Words and photographs by Dorothy Henderson
Horses stand calmly by the gate into the metal fenced yard, watching the single horse and rider inside as they deftly single a black calf out from a bunch of Angus weaners which drifts from one end of the yard to another. People milling around comment on the quality of the cattle, and that fact that they are so quiet and well handled.
The rider shouts “gate” and the calf scoots out of the small arena into a larger one, with the horse and rider literally in hot pursuit. The aim is to pilot the calf around a marked course in the arena: the reality is that the rider is “cracked off” by a snap from the judge’s whip and walks briskly to the back of the arena to help nudge the calf back to its paddock mates, standing in a yard waiting to go home.
There are older men and women on horses, and strapping youngsters on beasts that are definitely not so weedy…the cracks have gathered to the fray at the annual MBA Easter Campdraft, held in the south-east of Western Australia at the equestrian grounds in the small town of Munglinup.
During a weekend synonymous with hot cross buns, chocolate eggs and new beginnings, children at the Munglinup ‘draft” describe how the Easter Bunny still managed to find them, even though they were in a horse truck miles from their normal bed. With large rigs scattered around the ground, and magnificent equine athletes resting between runs in temporary yards made from electric tape and pickets, the scene could be at any camp draft in Australia. And like all community events in the regional areas of this wide brown land, there are many people on the ground working their hardest to make sure that it happens. The ambulance officers who are an integral part of any sporting event; the catering team in the kitchen; the people in the yards ensuring the cattle are quietly moved from A to B; the truckies and transport companies moving the stock, the club members tallying scores and ticking the paperwork boxes; the announcer making the crowd laugh and the competitors wince, the sponsors who provide the prizes, and the property owners who lent their cattle---all these people make the draft a reality. No mean feat in a tiny community which is about seven hours by car from Perth and further for many who made the trek with horses to compete.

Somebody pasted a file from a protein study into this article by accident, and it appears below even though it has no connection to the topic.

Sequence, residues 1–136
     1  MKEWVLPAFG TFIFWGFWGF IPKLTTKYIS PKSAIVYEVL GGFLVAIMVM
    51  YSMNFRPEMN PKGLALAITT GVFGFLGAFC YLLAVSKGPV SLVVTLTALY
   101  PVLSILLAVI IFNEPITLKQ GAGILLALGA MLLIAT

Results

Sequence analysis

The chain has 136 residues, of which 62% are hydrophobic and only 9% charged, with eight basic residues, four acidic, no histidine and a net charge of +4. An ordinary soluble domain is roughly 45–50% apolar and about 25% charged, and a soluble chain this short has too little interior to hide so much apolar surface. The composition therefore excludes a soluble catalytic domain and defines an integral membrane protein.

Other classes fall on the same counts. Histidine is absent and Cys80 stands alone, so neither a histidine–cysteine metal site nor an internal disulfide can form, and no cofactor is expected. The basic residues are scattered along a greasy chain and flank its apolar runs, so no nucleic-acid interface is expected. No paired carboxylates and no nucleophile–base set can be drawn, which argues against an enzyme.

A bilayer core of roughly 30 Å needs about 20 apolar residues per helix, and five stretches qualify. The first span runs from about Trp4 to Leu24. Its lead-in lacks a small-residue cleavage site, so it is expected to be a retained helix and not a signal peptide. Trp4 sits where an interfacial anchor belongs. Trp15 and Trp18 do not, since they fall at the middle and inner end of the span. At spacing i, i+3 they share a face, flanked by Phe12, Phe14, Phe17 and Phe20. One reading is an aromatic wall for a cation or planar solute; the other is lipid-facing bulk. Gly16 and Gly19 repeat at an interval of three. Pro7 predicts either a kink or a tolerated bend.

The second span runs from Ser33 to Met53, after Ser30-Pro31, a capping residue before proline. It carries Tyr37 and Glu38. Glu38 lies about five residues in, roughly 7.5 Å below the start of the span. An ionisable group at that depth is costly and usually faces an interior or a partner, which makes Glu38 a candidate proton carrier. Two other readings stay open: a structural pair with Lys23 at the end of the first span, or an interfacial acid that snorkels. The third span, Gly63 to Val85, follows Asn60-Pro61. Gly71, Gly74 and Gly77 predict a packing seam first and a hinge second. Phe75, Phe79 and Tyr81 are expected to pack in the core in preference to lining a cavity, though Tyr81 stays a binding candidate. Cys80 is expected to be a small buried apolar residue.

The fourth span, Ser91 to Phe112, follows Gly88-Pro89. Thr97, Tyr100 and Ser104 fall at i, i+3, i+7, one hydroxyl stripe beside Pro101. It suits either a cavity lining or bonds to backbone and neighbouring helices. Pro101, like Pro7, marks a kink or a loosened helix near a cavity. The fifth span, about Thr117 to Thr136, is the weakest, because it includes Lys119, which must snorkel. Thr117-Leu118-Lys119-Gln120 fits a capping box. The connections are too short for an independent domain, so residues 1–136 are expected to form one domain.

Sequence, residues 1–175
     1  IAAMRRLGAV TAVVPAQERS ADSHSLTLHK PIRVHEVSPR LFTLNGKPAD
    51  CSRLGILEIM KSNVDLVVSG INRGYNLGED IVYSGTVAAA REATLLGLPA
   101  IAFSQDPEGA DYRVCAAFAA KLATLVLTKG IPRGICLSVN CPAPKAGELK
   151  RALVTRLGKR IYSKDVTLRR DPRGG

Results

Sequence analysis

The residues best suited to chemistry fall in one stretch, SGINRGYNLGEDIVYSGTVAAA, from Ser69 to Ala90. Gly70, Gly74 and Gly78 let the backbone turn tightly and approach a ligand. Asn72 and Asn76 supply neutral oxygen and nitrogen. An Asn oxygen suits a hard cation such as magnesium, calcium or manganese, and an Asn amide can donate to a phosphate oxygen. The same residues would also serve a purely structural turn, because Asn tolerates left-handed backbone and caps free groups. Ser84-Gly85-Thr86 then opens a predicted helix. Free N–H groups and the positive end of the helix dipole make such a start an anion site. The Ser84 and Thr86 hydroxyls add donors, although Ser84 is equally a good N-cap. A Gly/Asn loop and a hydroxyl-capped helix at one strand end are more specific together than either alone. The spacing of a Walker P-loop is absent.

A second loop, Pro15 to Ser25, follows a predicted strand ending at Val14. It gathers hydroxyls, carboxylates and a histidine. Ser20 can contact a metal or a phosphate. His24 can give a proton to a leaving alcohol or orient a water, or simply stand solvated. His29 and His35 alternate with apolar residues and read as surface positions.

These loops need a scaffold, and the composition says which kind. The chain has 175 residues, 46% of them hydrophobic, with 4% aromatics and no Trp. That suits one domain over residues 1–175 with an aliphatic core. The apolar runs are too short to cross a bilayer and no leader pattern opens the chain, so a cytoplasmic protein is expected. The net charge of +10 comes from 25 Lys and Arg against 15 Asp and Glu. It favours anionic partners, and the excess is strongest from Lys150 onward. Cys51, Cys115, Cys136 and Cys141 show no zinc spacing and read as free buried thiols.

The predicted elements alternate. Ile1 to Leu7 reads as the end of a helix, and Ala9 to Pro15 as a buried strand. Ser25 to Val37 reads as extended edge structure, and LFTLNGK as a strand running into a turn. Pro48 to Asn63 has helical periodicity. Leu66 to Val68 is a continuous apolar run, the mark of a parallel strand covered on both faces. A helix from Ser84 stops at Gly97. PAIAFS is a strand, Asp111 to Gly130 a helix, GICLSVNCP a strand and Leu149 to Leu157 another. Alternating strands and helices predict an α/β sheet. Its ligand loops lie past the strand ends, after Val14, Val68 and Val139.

For most of the year, the Munglinup Equestrian Centre is quiet. Once the home of the Munglinup Pony Club, in recess now due to falling numbers, it is the home ground of the camp draft association running the Easter event, a crew of locals with a passion for horses and the commitment to make the annual event happen despite the fact they are often grappling with seeding or pre-seeding commitments, calving and work of many kinds. And for this one weekend, it is a bustling place. The smell of hamburgers and bacon drifts from the kitchen; country music adds to the atmosphere and the sound of the stock whip gives the atmosphere a slightly Man from Snowy River tinge, even though the location is about as far from mountain ranges as you could get.
It is easy to underestimate the importance of such events to rural communities. As locals gather on the earth-bank grandstand, they chat about the rain that fell on Saturday, greatly appreciated but not enough, and the horses they see before them. The discuss bloodlines, the cattle, their cropping plans for the year ahead, and the children play with one another while the adults drink tea and gnaw on burgers. They talk about the year past, and the year ahead. They catch up with people they might not have seen since last Easter, and talk about how much they look forward to seeing them again next year. Even if it rains.